World-class athletes aren't the only ones preparing for the Olympic Games. World-class cybercriminals are also hoping to walk away with some gold.
Brazil is a country that was already notorious for its large concentration of hackers. Symantec, in its 2016 Internet Security Threat Report, ranked the country eighth in the world for bot-based cybercrime (a bot is a device that lives on a user's PC and provides a wide variety of automated tasks for hackers). The organization says Brazil is the source of 2 percent of all the bots throughout the world.
Add the high profile of the Olympics atop that and the threat becomes even more real — for visitors, organizers and sponsors, say security experts.
"We suspect the level of attacks will rise during the Games," says Michal Salat, threat intelligence manager at Avast. "We're quite sure there will be phishing attacks on visitors. Ultimately, it's all about money."
Salat says Avast expects attempted attacks on the Rio Olympics to be quadruple the number organizers faced in London in 2012. (Those Games saw 165 million attempts.)
Individual visitors to Rio and other Olympic venues are low-hanging fruit for hackers. Whether via phishing (tricking someone into providing their financial account information — often via an attachment in an email or a fake website that purports to sell or give away tickets), an ATM skimmer (which reads and records the card's information, including password) or point-of-sale malware (like that used in the 2013 Target breach), it's not hard for cybercriminals to trick the unsuspecting.
While government officials will certainly try to contain that activity, they're more concerned about larger-scale breaches.
ABIN, Brazil's intelligence agency, is monitoring roughly 40 groups of hackers it believes has the ability to hack "sensitive structures," such as federal databases. In the months leading up to the games, the agency has identified 1,600 groups responsible for more than 20,000 attacks on public institutions in recent years.
The Olympics are the biggest event the country has hosted, but Brazil got a taste of what to expect in 2014, when the World Cup was held there. During that tournament, Brazil saw almost 90,000 attacks in a 30-day period, according to cybersecurity firm Cytegic. And a study by the firm shows a regular pattern among hackers as large sporting events draw near.
In the weeks leading up to an event, it says, the number of attacks increases, peaking during the first week of the tournament or games. There's typically a decline from that point through the end of the games. Some of the hackers want to make a quick buck by stealing financial or personal information. Others, though, are more politically motivated.
"We've seen this happen in the previous World Cup in Brazil, and we saw this happen in Russia during the Olympics there," says Dan Pastor, head of intelligence for Cytegic. "We assume these types of attacks will happen again. They will target the website and the high-profile people in [Olympic organizers, the organizing country or Olympic sponsors] ... targeting high-ranking officials in government or media or sporting organizations, and they're going to use this platform in order to protest corruption or political corruption."
The most likely tools of those hackers will be denial-of-service attacks on prominent websites, defacement of websites or doxxing — the release of intimately private information about an individual.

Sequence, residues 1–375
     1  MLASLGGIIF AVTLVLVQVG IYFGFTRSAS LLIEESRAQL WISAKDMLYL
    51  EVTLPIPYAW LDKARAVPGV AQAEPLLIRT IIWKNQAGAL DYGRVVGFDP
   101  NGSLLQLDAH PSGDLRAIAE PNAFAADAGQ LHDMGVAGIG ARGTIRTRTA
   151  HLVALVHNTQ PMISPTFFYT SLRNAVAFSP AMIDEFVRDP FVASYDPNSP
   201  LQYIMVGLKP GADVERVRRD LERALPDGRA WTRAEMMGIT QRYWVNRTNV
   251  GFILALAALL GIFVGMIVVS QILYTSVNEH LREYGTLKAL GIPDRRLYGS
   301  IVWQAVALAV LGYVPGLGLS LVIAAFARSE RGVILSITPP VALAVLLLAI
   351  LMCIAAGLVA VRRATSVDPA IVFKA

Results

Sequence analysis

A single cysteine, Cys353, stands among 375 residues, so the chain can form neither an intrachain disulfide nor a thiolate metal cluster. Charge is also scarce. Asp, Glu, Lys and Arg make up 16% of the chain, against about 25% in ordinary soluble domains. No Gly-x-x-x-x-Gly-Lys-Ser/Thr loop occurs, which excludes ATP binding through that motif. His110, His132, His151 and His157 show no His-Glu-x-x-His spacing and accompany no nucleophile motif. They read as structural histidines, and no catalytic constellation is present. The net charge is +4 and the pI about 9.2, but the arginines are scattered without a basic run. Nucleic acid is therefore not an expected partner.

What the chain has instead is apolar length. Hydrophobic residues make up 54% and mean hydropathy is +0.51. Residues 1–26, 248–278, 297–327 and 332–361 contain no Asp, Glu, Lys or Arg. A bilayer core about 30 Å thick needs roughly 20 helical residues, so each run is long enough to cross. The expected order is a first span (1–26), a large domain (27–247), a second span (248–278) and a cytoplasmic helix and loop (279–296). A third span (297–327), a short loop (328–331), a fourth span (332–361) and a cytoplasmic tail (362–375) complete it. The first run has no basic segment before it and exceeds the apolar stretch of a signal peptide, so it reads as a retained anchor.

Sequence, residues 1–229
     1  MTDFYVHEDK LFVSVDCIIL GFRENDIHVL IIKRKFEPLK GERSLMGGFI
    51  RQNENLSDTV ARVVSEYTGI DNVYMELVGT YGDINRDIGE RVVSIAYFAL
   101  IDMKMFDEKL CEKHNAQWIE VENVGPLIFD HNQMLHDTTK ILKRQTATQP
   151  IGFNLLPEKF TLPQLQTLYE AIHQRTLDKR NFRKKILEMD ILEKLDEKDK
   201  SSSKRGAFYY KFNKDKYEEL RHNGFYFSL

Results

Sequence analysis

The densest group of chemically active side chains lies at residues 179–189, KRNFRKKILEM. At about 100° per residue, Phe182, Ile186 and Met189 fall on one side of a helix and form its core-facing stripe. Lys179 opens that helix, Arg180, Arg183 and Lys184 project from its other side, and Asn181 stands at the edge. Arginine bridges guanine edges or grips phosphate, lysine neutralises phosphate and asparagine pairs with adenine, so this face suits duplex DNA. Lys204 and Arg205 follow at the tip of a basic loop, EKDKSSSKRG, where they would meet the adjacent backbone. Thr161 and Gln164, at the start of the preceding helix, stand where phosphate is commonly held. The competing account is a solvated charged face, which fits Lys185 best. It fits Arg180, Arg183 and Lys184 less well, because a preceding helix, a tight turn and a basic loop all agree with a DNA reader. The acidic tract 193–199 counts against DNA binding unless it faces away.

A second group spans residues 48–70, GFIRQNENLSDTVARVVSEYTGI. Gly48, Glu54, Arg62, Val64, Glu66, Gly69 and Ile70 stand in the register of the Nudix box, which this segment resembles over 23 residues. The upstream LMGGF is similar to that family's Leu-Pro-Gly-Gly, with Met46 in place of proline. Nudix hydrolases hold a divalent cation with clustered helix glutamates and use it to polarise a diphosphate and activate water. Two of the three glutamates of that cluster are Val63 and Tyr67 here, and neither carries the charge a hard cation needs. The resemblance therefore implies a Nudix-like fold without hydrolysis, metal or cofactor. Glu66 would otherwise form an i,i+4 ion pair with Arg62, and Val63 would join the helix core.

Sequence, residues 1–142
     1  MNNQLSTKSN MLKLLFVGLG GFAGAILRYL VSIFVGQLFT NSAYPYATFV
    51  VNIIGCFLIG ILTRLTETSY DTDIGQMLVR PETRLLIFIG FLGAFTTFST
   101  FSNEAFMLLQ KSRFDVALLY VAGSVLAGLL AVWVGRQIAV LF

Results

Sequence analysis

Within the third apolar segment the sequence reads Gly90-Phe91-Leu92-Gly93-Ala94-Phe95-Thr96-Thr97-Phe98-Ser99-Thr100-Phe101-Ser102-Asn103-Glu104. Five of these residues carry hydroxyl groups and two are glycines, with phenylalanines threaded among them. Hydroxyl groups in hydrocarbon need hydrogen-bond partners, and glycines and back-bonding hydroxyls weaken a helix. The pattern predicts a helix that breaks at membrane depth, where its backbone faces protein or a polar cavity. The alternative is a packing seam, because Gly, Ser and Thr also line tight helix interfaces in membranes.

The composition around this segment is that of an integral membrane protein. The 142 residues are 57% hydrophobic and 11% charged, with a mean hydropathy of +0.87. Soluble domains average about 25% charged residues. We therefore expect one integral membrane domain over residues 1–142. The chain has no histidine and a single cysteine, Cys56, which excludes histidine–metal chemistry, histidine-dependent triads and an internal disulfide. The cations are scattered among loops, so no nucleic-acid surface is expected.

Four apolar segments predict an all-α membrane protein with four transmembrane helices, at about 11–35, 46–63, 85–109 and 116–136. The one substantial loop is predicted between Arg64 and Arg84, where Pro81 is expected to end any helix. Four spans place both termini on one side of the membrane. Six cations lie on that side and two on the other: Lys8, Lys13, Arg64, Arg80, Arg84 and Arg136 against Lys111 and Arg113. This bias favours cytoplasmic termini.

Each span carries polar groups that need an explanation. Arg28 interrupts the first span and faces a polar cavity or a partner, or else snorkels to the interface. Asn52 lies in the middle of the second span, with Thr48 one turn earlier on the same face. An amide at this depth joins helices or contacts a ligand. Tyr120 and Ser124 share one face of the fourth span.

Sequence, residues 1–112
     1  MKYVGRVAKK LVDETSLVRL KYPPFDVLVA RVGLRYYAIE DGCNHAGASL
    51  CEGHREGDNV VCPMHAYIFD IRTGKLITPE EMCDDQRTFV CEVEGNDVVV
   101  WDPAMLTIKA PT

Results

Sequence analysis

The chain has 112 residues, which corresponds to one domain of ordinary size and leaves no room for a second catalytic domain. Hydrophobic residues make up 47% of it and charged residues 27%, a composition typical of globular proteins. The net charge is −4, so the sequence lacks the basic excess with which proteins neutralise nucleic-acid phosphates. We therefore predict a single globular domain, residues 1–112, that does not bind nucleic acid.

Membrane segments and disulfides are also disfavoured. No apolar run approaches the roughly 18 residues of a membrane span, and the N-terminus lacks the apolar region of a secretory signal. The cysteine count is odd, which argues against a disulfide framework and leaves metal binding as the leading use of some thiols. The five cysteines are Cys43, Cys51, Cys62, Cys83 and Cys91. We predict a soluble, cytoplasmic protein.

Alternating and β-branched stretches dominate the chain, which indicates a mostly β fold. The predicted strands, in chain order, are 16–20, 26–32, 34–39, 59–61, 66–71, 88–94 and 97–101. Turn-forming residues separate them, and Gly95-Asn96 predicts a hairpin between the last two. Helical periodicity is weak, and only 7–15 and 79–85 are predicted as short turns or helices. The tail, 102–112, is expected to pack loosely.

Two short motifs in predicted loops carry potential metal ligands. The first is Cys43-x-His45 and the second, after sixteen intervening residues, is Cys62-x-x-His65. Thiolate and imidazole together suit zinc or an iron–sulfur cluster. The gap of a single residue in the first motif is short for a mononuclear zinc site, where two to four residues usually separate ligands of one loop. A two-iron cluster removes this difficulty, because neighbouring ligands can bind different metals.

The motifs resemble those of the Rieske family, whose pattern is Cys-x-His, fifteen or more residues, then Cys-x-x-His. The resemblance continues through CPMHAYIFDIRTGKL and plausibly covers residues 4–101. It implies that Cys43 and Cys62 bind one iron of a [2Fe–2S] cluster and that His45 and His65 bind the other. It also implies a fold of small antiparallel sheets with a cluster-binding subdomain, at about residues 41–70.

Financial institutions will also be an attractive target, says Pastor. But in Brazil that's nothing new.
"The [hacking] underground market is very advanced," he says. "I would dare to compare Brazil to the Russian underground. The financial industry is getting targeted on a daily basis yearlong by hackers. In previous [major sporting] events, there is a certain rise in attacks on banks and financial organizations — and, specifically, the targeting of financial assets."
Experts agree, though, that while hackers will attack from all angles up to and during the Olympics, one area that seems secure is the results of the events themselves. The Rio Games will utilize the cloud more than any other Olympics, and the 2020 Olympics will be entirely cloud-based. While this would seem to be a tempting target for hackers, experts say the cloud is generally more secure than physical servers.
"The cloud, ultimately, offers more operational security than the distributed systems we've had in the past," says Mark Testoni, president of SAP National Security Services. "The cloud allows you to apply security more rapidly. Often, the things that cause breaches are individual human factors, like, 'I wasn't able to patch all the computers.'"
So as businesses and government organizations beef up their firewalls and monitor threats, what can you do if you're headed to Rio to enjoy the Olympics yourself?
It largely comes down to the same techniques you use to guard against cybercrime on a daily basis: Don't click on links or attachments from people you don't know. Only buy tickets from official outlets. Check an ATM for a loose keypad before inserting your card. And use official applications on your smartphone rather than low-rated ones with small user bases.
The Office of the Director of National Intelligence, in a recent awareness campaign, advised some more drastic steps, including leaving devices at home and even considering carrying a burner phone, which doesn't contain personal data or secure information.
Experts, though, say that might be taking things a little too far, even in a hacker-rich environment like the Rio Olympics.
"It might be good advice, but it's overkill for 99 percent of the population," says Pastor. "It's good advice on a technical level, but on an individual level, you can't ask someone to buy new phones or computers when they go to such an event. The responsibility lies much more on the organizers."
— By Chris Morris, special to CNBC.com